And after a little:----

Now, if one begins at this point, he contradicts all that was said before; and we all affirm----I mean that the entire Church of God beginning from the holy apostles bears witness----that the night was part not of the day which had passed away, but of that which was approaching; and was divided from what preceded it, but associated with what succeeds itself. For when does he minister and to whom, as to one dissatisfied, does he present his work? If he really refers his work first to the past, then it were meet for us to feast the Sabbath, as if the Lord had risen thereon. For he rose on the night of it,12 if on the night following it. But as it is, we have left this 13 to Jews, and the eyewitnesses and those who themselves heard the Lord, have handed down to us the tradition of feasting on the first of the week. For they have related to us that our Lord arose unto it and on it; and so they honoured the day with a glorious epithet, naming it Kyriaké, which means Dominical.

And after a little:----

So at least the Jews, when the sun sets on Paraskevé, 14 say that the Sabbath is come and first enforce Sabbatical inactivity during the repose of night; for it is forbidden them to light a fire on the Sabbath day. But the day 15 belonging to the preceding night 16 they exclude, (the day) |439 which is ushered in by the evening 17 before it. For their 18 repose is abrogated, having become general mourning in connexion with the feast, in that the Lord was hidden from that (day) forth, having remained wholly in the heart of the earth without arising thereon, in order to establish for us as a more Dominical and truer feast the first of the week dawning on us.19 And, indeed, all men associate the preceding nights 20 with the morrows to come, and regulate their nocturnal proceedings to suit the days which immediately follow. In this manner do they celebrate birthdays, in this annual commemorations of deaths, in this those of festal occasions.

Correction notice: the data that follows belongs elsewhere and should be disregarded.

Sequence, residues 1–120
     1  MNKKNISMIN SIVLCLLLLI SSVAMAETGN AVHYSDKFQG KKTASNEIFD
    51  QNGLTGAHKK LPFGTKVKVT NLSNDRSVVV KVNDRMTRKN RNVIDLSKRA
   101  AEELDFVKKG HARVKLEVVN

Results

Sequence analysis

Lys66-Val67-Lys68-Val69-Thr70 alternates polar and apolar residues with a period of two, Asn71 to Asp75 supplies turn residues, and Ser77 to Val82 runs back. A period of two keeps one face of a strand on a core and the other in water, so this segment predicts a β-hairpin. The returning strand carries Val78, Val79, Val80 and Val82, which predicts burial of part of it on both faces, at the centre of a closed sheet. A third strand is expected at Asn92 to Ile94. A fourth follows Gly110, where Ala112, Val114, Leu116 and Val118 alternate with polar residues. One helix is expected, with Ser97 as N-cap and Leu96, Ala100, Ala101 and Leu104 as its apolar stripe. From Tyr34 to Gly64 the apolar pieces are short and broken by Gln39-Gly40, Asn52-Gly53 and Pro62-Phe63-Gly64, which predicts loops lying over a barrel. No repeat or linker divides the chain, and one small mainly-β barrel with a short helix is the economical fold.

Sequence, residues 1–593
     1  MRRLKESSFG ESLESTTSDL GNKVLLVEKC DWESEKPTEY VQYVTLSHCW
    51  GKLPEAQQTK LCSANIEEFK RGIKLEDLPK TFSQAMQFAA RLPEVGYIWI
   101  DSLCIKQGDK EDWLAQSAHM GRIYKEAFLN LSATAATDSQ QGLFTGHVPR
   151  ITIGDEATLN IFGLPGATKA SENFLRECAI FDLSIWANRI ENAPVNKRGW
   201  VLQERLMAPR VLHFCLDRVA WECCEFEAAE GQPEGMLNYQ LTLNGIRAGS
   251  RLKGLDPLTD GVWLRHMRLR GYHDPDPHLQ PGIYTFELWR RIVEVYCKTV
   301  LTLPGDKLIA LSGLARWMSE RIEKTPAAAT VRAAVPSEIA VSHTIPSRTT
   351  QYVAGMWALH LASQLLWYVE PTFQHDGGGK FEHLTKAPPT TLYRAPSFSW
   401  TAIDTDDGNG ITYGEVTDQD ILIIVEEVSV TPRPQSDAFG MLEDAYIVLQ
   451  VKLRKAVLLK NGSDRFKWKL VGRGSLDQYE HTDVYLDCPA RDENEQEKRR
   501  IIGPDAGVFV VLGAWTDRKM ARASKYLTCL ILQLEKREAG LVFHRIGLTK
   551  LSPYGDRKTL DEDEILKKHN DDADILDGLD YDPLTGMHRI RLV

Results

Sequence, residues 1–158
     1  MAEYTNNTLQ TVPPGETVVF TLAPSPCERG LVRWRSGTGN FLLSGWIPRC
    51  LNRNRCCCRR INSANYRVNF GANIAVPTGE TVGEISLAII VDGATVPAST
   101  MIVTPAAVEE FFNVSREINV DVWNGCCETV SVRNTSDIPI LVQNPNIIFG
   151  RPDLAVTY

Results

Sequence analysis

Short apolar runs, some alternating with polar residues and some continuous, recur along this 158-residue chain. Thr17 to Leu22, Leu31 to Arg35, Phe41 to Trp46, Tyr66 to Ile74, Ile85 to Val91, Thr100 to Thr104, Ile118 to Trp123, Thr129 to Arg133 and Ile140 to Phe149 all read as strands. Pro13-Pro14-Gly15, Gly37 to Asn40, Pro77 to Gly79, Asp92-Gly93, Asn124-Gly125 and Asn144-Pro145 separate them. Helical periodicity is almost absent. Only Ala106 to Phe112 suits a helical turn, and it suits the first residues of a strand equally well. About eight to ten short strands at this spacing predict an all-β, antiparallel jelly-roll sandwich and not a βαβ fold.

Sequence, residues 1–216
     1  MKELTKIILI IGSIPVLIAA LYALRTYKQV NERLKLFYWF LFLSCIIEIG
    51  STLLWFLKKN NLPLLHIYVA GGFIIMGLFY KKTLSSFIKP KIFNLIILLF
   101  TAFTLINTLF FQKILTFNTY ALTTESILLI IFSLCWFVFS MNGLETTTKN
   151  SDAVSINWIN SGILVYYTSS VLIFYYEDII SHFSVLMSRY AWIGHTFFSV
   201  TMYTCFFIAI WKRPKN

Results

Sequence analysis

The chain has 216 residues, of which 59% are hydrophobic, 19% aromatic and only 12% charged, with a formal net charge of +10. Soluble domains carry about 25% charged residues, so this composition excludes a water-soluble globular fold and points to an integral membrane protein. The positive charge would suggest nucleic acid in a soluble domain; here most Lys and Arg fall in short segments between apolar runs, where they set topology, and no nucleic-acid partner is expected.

308 r°. Why in confirmation of this do we further appeal to the general procedure of Gentiles and to the traditional usage of the ancestors of the Jews? Not only so, but sufficient for us, as teaching this, is the Healer of God Moses, so far forth as he has revealed to us the creation of the world; for with all clearness he indicated to us that the compass of day extends from evening to evening, in the passage 21 in which he enacts concerning the Pascha as follows:----

'For at the commencement, on the 14th day of the first month, from even (ye are) to eat unleavened bread until the 21st day of the month at even. For seven days leaven shall not be found in your houses.'

But the seven days are from the 15th to the 20th. It is clear, therefore, that the 15th began with the 14th evening, while the 21st ended on the following day before the night of the next evening. And the 14th day was not one of the days of unleavened bread; but the lamb was slain on it, not at even, for the evening was not thereof, but when the evening was advanced,22 as it is written 23:----

'And they shall slay it, all the multitude of the congregation of the children of Israel, towards even.'

Then, anyway after a sufficient interval had taken place, during which they were laying the blood on the door-posts and lintels, were also skinning and preparing it, and as the Scripture adds:-----

'They shall eat the flesh on that night roasted with fire, with unleavened bread upon bitter herbs shall they consume it.'